“These are the words of the Holy Spirit and he’s about to really pull out the stops and have a big argument as he pours out the love of God into our hearts (v. 5). How does he do it? He does it here by a series of logical steps. It’s a logical argument. Sometimes we’re afraid of logic, aren’t we? We prefer to go via feelings. Today we feel good and think God has accepted us: we’re pretty decent. Tomorrow we come short and feel not so good. We’ve got a bit of indigestion, haven’t slept very well, our husbands have misbehaved and we’re feeling down in the dumps. We measure our security by our feelings and that is a very serious mistake. Our blessed Saviour here on earth was a true man and able to feel our human condition. But his love is not a question of the will-o’-the-wisp of emotion or feeling. His love is absolutely consistent because it is founded in the very character of God. For while we were still weak, at the right time Christ died for the ungodly . . . but God shows his love for us in that while we were still sinners, Christ died for us What would you like God to give you? Go on, think of something big. Don’t have it small— like being given one planet to look after when you get home to heaven—think something big. Would you like a whole cluster of stars to look after? What part of the eternal city of Jerusalem would you like to be in charge of? The biggest thing that God will ever do for you, he has already done. It wouldn’t impoverish the almighty God to give you ten thousand galaxies; to him that would be a very small thing. The biggest thing he’ll ever do for you; he has already done. And you say, ‘What could that be?’ He gave his Son for you. Ponder it. Exactly when did he give his Son for us? Being such a great gift, surely it was after we’d improved considerably, ceased to be sinners and were making noticeable advances in our spirituality and holiness? Did God say, ‘I can see those folks are really improving and doing their best, so perhaps it wouldn’t be too extravagant of me at this stage to give my Son for them’? The whole point is: when was it, and what state were we in, in God’s way of looking at it, when he gave his Son for us? It was while we were still weak . . . while we were still sinners . . . while we were enemies (vv. 6–8, 10). Here is the Holy Spirit arguing with us—he has to do that sometimes, doesn’t he? When we prefer to trust our feelings, or anything else, rather than rest in the very unchangeable character of God, the Holy Spirit has to argue against our emotions and against our fear, and point us ever to this foundational thing: God gave his son for us while we were still weak. Sin is the same in one sense, but it has these different forms and symptoms. Sometimes it’s weakness, sometimes it’s ungodliness—lack of reverence for God or respect for man. Sometimes it’s missing the mark, sometimes it’s positive enmity against God. Yes, ‘God shows his love for us’ (v. 8). What else? I nearly said, it’s a humiliation for almighty God. Just imagine the figure. Have you ever had a salesman come to your door, and you didn’t want the brooms and the polishes? The poor chap needs to make a little profit and, rather than let you shut the door, he puts his foot in the door and you have to listen to what he has to say. He’s a commercial traveller, commending his wares to you. I find it astonishing that almighty God comes to commend his love to us. Just imagine it, my dear fellow believer. Almighty God is standing at the door of your heart, commending his love to you: praising his virtues and extolling his details. This is a picture of the Holy Spirit pouring out God’s love into our hearts. Since, therefore, we have now been justified The argument is this in verse 9. It was when we were sinners that we were justified; now that we are justified, do you think God will throw us out? What kind of a God would that be? He loved us while we were sinners, unjustified; now that we’ve repented and are justified by faith, will God sling us out? What kind of a love would that be? What inconsistency would that be in God? While we were enemies we were reconciled to God by the death of his Son It was while we were enemies that we were reconciled to God by the death of his Son (v. 10). As I think of it, I think of our Lord’s parable of the Wicked Tenants (Luke 20:9–19). The owner sent many messengers to reap the grapes and they got murdered or beaten and thrown out. At last he said, ‘I have one son, I’ll send him. Perhaps they’ll take notice of him.’ But they said, ‘This is the heir, come, let’s kill him,’ and they murdered him and threw him out of the vineyard. We are reconciled to God by the death of his Son—two magnificent words. God loved the very rebels that murdered his Son. He reconciled by the death of his Son those that caused him immeasurable grief. Now that we are reconciled, shall we be saved by his life Well, if you’ve been reconciled, you’re not an enemy now, are you? We are all imperfect saints, but we’re not enemies of God any more (v. 10). Now that you are a child of God, will he throw you out? What kind of God would that be? It’s foundational to our progress in holiness that the Holy Spirit does his work in pouring out the love of God into our hearts to give us that assurance.”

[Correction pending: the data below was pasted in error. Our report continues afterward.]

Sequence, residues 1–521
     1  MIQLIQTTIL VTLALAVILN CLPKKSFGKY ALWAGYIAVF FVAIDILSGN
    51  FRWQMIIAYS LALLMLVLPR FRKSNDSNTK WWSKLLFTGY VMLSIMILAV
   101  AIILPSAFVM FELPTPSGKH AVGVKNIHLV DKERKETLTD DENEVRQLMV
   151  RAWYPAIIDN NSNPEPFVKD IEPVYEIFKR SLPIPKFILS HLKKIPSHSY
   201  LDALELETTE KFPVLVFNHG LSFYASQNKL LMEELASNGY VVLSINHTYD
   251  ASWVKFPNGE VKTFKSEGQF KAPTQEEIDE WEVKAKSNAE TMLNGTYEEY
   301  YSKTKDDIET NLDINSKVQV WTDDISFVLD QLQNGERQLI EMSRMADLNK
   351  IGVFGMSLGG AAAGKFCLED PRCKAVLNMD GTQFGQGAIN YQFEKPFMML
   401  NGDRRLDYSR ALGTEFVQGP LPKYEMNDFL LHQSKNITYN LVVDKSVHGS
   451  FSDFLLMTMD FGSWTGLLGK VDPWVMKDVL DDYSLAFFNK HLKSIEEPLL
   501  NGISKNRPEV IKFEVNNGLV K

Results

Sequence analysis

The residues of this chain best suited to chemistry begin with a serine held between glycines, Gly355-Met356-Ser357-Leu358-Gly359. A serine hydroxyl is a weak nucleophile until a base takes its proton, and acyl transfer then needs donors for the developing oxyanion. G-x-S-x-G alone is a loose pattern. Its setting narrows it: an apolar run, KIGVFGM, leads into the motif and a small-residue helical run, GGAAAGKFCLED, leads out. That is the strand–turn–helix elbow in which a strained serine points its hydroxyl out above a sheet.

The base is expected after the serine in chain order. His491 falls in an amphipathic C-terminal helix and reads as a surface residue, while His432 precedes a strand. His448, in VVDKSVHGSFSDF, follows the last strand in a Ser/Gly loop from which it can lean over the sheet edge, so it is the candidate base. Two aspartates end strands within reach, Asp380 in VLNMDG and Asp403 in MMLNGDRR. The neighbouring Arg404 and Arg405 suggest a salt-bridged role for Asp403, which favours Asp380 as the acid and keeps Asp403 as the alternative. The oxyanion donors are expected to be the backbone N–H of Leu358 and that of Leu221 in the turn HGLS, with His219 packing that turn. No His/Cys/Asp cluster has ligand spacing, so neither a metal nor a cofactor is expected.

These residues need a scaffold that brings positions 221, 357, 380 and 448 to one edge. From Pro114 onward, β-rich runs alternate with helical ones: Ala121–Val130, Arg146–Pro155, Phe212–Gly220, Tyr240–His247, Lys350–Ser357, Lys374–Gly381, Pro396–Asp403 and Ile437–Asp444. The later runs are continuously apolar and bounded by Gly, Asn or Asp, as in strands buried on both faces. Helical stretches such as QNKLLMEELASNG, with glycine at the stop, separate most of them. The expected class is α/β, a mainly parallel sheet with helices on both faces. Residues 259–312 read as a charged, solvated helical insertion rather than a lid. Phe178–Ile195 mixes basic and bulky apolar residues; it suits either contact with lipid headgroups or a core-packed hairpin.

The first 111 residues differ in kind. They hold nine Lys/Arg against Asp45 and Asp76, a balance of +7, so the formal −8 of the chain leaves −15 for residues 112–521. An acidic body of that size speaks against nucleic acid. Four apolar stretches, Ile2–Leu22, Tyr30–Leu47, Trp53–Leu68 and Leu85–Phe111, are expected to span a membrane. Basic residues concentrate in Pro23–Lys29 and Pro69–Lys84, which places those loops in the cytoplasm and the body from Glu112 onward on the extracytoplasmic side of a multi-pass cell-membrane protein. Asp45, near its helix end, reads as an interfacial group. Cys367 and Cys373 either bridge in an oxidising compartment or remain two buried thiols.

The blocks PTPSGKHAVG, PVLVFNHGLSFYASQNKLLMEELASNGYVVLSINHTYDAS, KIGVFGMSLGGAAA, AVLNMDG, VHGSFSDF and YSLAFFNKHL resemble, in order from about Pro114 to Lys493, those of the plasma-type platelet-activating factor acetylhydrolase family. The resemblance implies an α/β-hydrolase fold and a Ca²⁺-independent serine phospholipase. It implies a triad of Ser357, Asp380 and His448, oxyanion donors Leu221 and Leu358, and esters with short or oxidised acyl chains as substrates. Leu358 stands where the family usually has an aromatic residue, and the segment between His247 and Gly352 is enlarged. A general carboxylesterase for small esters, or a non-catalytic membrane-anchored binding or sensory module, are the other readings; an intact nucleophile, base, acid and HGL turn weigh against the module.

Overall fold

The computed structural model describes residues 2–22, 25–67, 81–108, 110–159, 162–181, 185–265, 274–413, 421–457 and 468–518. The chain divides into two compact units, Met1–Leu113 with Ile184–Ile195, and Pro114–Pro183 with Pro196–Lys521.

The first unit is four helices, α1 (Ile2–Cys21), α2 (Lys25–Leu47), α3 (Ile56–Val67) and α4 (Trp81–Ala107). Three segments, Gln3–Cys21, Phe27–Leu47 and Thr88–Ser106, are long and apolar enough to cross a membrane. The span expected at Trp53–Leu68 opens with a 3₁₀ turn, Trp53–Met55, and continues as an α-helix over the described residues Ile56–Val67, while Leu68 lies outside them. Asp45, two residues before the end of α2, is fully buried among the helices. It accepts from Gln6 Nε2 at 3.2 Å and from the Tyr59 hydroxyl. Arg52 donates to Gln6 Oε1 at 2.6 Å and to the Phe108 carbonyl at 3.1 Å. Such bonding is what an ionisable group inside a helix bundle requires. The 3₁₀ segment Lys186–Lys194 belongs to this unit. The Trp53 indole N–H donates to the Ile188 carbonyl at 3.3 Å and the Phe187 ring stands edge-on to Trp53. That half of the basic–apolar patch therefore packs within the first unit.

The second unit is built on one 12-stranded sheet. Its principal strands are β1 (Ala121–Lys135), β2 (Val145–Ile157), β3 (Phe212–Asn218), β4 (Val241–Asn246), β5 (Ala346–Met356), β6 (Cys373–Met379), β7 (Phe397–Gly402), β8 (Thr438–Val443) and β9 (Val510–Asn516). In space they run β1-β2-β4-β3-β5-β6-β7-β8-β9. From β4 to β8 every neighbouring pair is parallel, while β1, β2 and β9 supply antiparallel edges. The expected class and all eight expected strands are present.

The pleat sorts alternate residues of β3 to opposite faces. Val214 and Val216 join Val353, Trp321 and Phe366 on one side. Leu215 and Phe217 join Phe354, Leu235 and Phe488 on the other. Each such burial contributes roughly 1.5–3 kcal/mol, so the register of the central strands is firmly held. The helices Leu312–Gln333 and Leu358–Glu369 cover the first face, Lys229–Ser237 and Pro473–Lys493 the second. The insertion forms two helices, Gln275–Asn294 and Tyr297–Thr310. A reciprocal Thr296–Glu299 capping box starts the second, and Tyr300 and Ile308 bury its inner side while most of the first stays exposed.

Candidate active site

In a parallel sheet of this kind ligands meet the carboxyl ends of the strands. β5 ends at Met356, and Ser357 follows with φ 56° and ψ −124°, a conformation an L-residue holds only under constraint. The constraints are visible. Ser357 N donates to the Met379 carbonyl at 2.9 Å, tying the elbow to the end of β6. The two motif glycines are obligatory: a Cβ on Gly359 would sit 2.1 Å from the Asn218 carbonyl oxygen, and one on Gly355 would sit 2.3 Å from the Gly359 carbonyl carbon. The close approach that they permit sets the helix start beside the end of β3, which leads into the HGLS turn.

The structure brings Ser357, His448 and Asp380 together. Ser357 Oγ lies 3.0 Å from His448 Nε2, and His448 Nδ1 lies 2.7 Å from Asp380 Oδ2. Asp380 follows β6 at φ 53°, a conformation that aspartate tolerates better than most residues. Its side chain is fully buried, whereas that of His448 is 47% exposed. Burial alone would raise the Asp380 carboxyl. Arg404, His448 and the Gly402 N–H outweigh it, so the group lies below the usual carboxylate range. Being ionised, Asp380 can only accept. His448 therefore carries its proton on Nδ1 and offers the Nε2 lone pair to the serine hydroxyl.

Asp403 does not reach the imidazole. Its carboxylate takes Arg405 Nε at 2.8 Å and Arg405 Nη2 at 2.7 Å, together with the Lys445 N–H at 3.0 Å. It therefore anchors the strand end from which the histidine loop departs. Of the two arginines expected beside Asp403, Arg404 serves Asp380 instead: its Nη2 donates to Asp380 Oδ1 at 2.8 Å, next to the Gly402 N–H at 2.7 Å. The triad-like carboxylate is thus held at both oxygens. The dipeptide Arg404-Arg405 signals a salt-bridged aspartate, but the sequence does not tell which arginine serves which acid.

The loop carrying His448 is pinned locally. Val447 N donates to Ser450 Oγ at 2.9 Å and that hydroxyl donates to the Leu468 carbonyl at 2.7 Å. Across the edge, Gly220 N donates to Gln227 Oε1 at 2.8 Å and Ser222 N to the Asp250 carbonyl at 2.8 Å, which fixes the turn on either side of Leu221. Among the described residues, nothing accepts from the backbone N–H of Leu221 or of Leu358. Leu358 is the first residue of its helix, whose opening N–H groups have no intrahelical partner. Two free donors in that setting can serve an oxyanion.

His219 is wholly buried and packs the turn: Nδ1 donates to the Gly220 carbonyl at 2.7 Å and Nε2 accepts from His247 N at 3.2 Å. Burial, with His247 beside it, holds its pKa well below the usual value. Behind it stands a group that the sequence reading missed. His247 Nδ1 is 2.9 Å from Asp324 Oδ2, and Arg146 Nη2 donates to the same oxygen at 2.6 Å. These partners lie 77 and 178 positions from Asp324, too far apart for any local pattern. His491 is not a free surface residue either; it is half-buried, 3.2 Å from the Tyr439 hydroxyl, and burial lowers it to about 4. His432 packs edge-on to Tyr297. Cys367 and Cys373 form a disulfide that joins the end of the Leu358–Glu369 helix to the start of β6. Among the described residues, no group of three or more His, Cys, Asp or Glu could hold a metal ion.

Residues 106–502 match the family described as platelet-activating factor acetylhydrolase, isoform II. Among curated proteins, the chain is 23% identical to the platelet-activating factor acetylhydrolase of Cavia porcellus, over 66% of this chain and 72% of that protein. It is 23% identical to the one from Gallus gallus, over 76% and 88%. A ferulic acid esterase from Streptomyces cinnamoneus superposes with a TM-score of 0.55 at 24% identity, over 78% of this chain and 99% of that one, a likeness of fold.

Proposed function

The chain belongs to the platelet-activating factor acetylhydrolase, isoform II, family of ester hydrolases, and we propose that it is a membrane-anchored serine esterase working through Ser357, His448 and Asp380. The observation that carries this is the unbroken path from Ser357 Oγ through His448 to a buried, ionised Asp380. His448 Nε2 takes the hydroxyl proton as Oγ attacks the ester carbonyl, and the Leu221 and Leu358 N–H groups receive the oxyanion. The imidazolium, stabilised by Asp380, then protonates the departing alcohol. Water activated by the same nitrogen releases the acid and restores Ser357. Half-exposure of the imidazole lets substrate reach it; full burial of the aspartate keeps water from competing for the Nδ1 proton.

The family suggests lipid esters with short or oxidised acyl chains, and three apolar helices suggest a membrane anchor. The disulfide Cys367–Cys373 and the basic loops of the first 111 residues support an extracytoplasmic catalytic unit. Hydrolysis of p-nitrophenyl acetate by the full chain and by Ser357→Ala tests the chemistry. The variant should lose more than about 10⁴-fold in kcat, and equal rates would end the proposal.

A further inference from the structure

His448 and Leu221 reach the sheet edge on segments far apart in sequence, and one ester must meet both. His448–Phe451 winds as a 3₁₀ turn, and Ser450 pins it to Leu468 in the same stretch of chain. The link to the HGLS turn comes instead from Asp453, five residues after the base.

David W. Gooding, The Holy Spirit: Three Aspects of His Work in the Believer: A Myrtlefield House Readable Transcript. (Belfast, NI: Myrtlefield Trust, 2018), 11-13. [Italics original.]